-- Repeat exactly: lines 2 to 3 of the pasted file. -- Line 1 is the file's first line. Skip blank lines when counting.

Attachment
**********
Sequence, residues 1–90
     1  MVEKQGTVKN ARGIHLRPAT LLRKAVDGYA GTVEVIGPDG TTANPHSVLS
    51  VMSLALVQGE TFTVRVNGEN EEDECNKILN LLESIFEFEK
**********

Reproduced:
     1  MVEKQGTVKN ARGIHLRPAT LLRKAVDGYA GTVEVIGPDG TTANPHSVLS
    51  VMSLALVQGE TFTVRVNGEN EEDECNKILN LLESIFEFEK